Electric cranking motors are frequently employed to start internal combustion engines which are used as a power source for a variety of applications. To prevent serious damage to the engine, the cranking motor and the cranking motor engagement mechanism, it is mandatory that the cranking motor be deenergized upon engine start. It is equally important that the cranking motor be not energized while the engine is in the running mode.

Therefore, a circuit which will automatically deenergize the cranking motor upon engine start and which will prevent the reenergization of the cranking motor while the engine is in the running mode is desirable.

It is, therefore, an object of this invention to provide an improved cranking motor automatic disconnect and lockout cir cult.

It is another object of this invention to provide an improved cranking motor automatic disconnect and lockout circuit which is responsive to the output potential magnitude of an electric generator driven by the cranked engine to interrupt the cranking motor-energizing circuit upon engine start and to prevent the reestablishment thereof while the engine is in the running mode.

ln accordance with this invention, a cranking motor automatic disconnect and lockout circuit is provided wherein the energizing circuit for the operating coil of the cranking motor solenoid-operated switch is interrupted upon the opening of the normally open contacts of a first relay connected in series therewith when the energizing circuit for the operating coil of the first relay is interrupted by the opening of the normally closed contacts of a second relay connected in series therewith in response to the output potential of an electrical generator driven by the cranked engine reaching a sufficient magnitude to produce anode-cathode conduction through a silicon-controlled rectifier which energizes the operating coil of the second relay.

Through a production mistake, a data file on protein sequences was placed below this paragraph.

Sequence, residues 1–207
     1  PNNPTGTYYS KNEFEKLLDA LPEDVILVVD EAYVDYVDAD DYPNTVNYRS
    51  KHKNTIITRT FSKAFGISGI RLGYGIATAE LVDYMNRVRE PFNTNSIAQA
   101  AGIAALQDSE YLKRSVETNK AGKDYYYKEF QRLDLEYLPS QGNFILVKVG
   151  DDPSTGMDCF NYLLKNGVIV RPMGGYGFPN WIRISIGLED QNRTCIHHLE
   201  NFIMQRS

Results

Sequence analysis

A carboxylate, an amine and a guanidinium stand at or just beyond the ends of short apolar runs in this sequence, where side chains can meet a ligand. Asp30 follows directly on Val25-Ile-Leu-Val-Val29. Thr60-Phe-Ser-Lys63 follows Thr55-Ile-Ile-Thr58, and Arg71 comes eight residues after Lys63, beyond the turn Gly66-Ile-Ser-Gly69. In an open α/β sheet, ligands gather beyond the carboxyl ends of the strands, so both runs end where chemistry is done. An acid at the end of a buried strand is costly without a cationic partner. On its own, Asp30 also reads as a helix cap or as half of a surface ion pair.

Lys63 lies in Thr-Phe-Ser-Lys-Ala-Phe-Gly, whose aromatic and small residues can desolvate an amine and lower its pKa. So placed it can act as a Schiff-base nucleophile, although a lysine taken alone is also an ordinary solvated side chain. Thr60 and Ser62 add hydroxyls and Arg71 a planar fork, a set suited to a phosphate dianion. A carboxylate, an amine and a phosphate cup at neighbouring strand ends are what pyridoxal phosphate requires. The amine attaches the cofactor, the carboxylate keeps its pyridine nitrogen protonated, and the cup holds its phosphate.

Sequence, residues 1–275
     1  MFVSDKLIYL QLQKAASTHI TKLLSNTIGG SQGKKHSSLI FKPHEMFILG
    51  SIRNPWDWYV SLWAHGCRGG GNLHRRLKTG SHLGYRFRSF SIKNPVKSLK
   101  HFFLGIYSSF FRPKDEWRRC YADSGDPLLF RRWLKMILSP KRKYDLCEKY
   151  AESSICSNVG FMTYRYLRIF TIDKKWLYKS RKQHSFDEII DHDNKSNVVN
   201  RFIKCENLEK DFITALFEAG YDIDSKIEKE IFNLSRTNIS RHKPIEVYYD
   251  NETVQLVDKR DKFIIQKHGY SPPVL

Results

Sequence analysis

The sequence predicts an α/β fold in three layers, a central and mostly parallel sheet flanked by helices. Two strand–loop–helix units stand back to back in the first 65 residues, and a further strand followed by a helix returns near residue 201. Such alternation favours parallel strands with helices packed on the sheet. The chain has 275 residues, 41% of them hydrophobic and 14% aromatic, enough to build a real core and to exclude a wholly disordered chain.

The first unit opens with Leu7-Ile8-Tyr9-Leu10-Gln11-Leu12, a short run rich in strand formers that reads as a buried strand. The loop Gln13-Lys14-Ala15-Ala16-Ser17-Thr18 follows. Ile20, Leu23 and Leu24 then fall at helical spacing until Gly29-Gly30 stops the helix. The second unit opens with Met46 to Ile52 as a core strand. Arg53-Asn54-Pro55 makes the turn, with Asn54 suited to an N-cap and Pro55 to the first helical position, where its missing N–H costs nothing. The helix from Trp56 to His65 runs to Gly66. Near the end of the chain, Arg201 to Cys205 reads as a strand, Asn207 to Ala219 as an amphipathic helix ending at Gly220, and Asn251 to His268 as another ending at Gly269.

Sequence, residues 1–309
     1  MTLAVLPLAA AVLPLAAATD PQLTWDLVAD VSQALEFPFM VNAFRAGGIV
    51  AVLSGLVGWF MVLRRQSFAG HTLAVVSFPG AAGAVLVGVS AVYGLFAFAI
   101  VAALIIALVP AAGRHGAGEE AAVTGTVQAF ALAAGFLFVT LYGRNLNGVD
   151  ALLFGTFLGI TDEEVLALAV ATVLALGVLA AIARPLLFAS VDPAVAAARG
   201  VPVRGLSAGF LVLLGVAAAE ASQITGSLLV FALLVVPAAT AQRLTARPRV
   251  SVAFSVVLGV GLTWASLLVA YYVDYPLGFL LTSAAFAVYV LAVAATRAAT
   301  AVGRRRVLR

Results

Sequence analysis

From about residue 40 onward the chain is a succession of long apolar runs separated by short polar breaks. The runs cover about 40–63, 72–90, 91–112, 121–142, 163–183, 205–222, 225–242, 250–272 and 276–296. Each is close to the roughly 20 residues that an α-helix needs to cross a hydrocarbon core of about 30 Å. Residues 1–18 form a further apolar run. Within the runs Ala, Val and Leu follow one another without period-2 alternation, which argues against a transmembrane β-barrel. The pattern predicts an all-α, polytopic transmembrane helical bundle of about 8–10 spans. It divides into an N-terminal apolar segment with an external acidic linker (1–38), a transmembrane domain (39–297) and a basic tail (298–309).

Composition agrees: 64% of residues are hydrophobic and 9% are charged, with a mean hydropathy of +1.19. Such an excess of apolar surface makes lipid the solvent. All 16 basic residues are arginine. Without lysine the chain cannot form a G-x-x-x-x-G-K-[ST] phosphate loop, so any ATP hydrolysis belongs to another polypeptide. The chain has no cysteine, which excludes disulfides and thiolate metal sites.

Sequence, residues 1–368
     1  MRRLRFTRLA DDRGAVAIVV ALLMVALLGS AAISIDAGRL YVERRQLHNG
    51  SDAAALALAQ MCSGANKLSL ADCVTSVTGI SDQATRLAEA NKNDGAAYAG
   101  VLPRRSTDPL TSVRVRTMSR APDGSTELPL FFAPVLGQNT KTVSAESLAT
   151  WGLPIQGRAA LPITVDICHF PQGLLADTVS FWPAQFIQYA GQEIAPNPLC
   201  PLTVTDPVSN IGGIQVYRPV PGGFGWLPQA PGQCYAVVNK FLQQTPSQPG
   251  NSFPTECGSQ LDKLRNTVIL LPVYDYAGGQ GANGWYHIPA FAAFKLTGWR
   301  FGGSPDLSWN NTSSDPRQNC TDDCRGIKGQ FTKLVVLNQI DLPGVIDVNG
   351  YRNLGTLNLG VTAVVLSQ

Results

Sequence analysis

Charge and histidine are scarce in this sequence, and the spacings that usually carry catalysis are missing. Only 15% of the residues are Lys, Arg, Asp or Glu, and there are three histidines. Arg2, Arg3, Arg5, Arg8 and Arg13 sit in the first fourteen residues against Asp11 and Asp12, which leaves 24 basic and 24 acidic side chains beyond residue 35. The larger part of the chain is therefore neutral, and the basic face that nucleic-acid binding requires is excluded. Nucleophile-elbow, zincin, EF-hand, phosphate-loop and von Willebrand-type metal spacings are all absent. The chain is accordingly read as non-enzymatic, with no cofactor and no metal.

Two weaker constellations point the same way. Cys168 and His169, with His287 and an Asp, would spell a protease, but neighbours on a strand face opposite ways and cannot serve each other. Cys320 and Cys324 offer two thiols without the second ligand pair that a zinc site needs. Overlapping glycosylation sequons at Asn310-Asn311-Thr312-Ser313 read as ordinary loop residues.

For a better understanding of the present invention, together with additional objects, advantages and features thereof, reference is made to the following description and accompanying single FIGURE drawing which sets forth the cranking motor automatic disconnect and lockout circuit of this invention in schematic form. As point of reference or ground potential is the same point electrically throughout the system, it has been illustrated by the accepted symbol and referenced by the numeral 1 in the FIGURE.

Referring to the FIGURE, the cranking motor automatic disconnect and lockout circuit of this invention is set forth in schematic form in combination with a source of direct current potential, which may be a conventional storage battery 2, an electric cranking motor 3 connected thereacross through the normally open contacts of a cranking motor solenoidoperated switch 10 having at least one operating coil 11 and two normally open contacts, movable contact 13 and stationary contact 14, an internal combustion engine 4 to be cranked thereby and an electric generator 5 driven by the cranked engine 4.

As conventional electric cranking motors, internal combustion engines and electric generators adapted to be driven by internal combustion engines are well known in the art and, per se, form no part of this invention, in the interest of reducing drawing complexity, each has been symbolically represented in the FIGURE. Cranking motor 3 may be drivably engaged with gear 6 of engine 4 through any method well known in the automotive art and generator 5 may be driven by a belt-connecting pulley 7 of engine 4 and armature 8 of generator 5 in a manner well known in the automotive art.